Common Robocall Scams

How They Try to Trick You


These robocallers will usually turn to the elderly or immigrants, who can get intimidated by government threats easily. The fake IRS representatives will try to get a hold of your sensitive info.

Credit card services

These robocallers will offer to lower your bills or interest rates while attempting to get a hold of your credit card number. Providing fake credit card service robocallers with sensitive info can leave you with lots of credit card issues.

Car warranty

These scammers will usually offer warranty extension for 50% or more off the regular price.

Prize scams

If you receive a call from someone who claims you have won money or a holiday for two in a competition, we hate to disappoint you, but you are most likely targeted by scammers.

What Can You Do if You Receive a Robocall?

If your phone rings and you see a number you don’t recognize on display, you might be dealing with a robocall. Here are some tips on what to do if you receive a robocall and how to eliminate potential threats of scam calls.

  • If you suspect you are receiving a robocall, the best thing you can do is not pick up the phone
  • Messing with robocalls can be fun, but we assure you it is not safe. Advances in technology have enabled scammers to record your voice and use it later to authorize fraudulent charges
  • Fraudsters use a call-spoofing technology that helps them mask their real numbers. If you are getting a phone call from a number that is similar to yours, do not answer it
  • If you answer the phone, do not provide robocallers with your personal or financial information
  • Put your number in the Do Not Call Registry if you want to reduce the number of robocalls. When you complete the process of registering, check if your number is on the Do Not Call list to verify that you have submitted it successfully.

You should check out the Do Not Call exceptions. Even though your number is on the Do Not Call list, some robocalls can’t be blocked.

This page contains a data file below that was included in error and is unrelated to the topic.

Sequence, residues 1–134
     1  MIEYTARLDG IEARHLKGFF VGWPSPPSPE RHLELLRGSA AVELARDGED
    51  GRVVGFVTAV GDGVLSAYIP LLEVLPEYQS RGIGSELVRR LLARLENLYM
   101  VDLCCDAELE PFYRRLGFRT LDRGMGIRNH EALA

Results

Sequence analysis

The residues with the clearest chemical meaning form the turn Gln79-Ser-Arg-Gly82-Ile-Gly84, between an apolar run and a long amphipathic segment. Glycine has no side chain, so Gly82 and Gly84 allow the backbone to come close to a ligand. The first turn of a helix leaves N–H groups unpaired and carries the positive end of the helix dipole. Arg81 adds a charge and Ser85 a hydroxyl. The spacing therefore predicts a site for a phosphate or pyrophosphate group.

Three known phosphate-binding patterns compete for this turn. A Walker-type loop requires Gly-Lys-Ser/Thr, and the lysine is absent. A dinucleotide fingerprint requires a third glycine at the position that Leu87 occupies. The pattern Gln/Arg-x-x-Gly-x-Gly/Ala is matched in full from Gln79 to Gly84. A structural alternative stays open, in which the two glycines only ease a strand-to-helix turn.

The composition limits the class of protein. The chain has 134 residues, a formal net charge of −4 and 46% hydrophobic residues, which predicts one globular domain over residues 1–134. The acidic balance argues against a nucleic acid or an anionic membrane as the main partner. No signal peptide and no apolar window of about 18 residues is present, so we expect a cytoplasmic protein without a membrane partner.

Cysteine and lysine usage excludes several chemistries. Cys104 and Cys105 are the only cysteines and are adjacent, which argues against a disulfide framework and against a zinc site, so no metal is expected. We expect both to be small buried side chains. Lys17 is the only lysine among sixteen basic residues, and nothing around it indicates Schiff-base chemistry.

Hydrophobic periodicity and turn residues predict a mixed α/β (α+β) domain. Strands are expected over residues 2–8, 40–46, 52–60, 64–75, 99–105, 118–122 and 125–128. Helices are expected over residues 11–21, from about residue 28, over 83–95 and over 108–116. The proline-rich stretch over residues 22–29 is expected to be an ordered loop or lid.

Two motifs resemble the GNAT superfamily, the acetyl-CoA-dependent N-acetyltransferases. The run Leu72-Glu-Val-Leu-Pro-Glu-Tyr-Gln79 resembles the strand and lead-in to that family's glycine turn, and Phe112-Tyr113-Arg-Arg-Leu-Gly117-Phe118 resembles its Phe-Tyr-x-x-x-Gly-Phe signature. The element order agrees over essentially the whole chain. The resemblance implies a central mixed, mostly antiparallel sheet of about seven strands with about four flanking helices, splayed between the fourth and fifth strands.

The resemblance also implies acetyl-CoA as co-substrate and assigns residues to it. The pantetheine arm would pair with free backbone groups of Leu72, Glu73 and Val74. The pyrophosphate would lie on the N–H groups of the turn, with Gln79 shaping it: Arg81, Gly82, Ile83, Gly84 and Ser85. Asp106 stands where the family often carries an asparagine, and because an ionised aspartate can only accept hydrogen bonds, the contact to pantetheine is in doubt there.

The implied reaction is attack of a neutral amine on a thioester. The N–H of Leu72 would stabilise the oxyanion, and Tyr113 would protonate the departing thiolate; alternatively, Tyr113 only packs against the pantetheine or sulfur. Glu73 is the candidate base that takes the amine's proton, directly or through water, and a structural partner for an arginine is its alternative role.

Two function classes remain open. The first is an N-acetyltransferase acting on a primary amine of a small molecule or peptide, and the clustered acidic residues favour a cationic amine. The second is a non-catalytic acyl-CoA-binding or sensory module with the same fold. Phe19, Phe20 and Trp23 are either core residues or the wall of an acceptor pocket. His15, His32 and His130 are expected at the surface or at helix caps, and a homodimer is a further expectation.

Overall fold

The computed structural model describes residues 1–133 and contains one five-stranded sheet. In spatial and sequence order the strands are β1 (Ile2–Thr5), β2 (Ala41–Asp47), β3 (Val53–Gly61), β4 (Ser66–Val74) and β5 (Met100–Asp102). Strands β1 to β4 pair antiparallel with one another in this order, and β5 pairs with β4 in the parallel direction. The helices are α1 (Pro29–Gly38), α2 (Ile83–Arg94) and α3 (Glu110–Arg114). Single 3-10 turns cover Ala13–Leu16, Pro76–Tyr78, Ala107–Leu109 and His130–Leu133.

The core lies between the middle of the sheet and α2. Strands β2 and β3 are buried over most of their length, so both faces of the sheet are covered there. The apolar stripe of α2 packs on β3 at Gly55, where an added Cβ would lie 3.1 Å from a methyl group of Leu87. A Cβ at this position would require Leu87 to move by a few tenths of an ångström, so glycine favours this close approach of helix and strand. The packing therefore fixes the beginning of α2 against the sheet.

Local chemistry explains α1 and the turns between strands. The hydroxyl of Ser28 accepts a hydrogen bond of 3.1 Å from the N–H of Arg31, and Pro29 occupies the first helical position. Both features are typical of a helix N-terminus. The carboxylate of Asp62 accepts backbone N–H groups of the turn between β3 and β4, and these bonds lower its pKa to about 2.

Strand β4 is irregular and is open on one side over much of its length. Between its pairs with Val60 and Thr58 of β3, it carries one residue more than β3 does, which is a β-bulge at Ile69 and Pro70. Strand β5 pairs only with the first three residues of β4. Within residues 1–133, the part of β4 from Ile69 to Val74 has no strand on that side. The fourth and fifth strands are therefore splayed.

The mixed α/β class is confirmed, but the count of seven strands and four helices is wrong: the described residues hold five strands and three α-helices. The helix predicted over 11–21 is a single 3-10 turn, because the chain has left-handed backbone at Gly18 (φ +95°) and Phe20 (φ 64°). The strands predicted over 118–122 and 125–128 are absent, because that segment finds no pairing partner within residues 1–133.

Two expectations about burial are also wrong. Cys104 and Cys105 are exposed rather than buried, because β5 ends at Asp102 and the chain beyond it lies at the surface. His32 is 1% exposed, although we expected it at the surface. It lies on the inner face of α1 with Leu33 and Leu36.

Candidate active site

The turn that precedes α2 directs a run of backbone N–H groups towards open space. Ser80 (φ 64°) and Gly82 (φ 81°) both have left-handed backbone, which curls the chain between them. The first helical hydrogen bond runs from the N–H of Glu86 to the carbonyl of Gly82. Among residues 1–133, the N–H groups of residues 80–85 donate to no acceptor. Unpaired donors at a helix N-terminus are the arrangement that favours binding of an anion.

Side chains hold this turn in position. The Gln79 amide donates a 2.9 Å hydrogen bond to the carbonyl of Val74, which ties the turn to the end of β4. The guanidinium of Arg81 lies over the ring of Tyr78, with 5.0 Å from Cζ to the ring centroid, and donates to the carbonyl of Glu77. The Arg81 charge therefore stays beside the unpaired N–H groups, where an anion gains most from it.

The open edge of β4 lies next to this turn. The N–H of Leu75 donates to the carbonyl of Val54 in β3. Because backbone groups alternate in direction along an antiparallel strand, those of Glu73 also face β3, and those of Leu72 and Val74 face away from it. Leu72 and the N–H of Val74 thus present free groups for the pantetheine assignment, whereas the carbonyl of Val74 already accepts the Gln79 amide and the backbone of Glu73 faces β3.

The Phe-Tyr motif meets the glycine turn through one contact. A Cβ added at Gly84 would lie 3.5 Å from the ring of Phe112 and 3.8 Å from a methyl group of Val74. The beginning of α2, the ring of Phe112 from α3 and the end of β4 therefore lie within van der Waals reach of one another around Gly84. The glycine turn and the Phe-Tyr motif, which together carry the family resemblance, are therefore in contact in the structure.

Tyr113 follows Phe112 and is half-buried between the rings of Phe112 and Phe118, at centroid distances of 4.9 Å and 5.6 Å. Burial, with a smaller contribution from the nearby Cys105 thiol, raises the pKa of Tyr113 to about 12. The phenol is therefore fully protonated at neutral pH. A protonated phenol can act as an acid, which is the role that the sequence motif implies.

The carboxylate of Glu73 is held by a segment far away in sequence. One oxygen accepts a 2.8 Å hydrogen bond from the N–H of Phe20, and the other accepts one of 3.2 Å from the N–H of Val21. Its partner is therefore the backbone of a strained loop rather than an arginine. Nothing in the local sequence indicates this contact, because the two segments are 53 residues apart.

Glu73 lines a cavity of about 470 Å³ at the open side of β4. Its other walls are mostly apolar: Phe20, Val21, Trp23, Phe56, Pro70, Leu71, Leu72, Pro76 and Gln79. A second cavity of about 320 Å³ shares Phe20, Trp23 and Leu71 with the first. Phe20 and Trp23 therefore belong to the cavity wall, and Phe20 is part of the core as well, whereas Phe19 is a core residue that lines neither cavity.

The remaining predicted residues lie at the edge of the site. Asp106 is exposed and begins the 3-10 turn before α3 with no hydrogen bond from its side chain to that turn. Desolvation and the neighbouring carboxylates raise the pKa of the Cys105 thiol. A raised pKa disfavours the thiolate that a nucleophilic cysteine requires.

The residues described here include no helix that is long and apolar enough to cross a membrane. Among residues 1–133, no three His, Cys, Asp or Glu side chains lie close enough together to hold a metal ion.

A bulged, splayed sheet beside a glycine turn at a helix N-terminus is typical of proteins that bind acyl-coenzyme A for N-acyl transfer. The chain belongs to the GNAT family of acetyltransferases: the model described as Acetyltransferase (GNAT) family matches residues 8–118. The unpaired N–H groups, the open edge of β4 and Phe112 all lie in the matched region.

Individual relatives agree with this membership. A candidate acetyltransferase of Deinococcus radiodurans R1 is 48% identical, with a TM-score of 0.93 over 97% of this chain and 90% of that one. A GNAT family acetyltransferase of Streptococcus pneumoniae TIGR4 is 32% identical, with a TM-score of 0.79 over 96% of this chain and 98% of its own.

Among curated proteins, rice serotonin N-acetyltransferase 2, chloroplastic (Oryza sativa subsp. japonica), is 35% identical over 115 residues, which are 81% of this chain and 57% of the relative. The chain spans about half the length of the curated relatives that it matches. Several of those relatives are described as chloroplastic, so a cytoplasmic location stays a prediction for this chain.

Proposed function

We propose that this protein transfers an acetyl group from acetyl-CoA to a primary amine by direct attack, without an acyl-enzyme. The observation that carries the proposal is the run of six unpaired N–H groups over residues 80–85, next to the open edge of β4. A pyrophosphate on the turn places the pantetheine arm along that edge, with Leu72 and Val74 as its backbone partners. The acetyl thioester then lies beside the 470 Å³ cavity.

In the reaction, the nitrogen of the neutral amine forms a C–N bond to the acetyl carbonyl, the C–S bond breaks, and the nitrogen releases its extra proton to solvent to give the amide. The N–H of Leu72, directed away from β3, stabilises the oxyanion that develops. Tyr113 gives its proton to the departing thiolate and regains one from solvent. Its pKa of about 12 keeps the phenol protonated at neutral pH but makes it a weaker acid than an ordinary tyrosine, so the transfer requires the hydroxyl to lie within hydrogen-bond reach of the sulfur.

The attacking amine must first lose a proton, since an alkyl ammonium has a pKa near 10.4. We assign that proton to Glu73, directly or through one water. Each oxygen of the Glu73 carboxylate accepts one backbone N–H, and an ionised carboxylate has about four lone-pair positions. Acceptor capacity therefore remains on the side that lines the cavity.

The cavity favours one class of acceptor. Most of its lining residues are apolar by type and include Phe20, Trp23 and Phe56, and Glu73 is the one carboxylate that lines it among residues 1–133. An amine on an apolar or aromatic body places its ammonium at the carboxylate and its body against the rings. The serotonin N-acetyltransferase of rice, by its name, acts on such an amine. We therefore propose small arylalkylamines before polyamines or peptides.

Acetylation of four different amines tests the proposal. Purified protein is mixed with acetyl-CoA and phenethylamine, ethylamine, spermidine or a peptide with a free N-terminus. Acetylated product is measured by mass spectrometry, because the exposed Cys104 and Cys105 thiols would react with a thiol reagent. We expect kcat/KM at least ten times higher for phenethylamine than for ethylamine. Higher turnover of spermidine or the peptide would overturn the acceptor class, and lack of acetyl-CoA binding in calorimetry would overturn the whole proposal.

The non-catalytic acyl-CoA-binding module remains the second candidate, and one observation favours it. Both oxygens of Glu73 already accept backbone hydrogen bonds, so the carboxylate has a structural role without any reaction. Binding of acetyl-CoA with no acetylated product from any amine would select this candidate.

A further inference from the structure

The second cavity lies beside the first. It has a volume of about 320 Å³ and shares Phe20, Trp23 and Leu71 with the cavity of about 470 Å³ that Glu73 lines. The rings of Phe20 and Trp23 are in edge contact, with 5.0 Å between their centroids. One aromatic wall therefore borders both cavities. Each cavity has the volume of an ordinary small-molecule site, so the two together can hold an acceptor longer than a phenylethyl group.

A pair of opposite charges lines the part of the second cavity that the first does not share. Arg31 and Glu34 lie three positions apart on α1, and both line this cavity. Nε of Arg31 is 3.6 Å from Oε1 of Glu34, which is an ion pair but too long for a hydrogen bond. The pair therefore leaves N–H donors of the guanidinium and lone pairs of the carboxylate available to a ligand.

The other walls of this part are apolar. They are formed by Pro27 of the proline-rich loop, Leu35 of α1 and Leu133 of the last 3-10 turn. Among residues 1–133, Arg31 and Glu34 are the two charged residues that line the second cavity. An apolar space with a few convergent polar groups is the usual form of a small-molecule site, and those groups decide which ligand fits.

What Can You Do If You Have Provided Robocallers With Your Sensitive Information?

If you were tricked into giving your private and financial details to robocallers, do not panic! It is still not too late to repair the damage. Here’s what you can do:

  1. Act fast. The first thing you need to do is call the bank and cancel your credit card. This way, you will prevent the scammers from withdrawing funds from it
  2. Report the scammer. The Federal Trade Commission is there to take your complaint and protect your rights. If you decide to file it to the FTC and report a robocall, you need to acquire the fraudster’s real number. You can also report the scammer by calling 1-888-382-1222
  3. Report identity theft. Go to and make a personalized recovery plan

Can Robocalls Be Stopped With DoNotPay?

Even though these annoying pests can’t be stopped entirely, DoNotPay offers an efficient and quick solution for robocall scams. Partner with DoNotPay, and you may get your much-desired robocall revenge!

Fraudsters don’t have to wrong you to make you annoyed with them—the number of calls you receive per day is suffice for you to become vindictive.

Our app can’t help you to block the calls, but it can reduce their number and help you earn money from these scammers. The whole process takes only a few steps, and it is completely . Here’s how Robo Revenge option works:

  1. Log on DoNotPay via your
  2. Click on RoboRevenge
  3. Generate the DoNotPay virtual credit card
  4. Provide the caller with the details of the card
  5. Wait for scammers to try to withdraw the money of the card, which is a key moment for the app to extract their names and location
  6. DoNotPay will create and mail a demand letter requesting compensation from the scammer

Tracking down fraudsters with DoNotPay is completely safe. Your free virtual credit card is not attached to your personal credit card, and it does not provide access to any money. It will appear as a real card to the scammer, but it only serves to acquire details on the caller.

Since these fraudsters are aware they are violating the law, they will most likely offer an out-of-court settlement. Under the Telephone Consumer Protection Act (TCPA), individuals may be entitled to seek $500 for each robocall they receive without their consent, and this amount can potentially be tripled to $1,500 if the court finds the violation to be willful or knowing.

Make the Best of DoNotPay

DoNotPay has been successful in the battle against robocalls, but Robo Revenge is not the only feature we have to offer. DoNotPay boasts lots of great features that you can use to: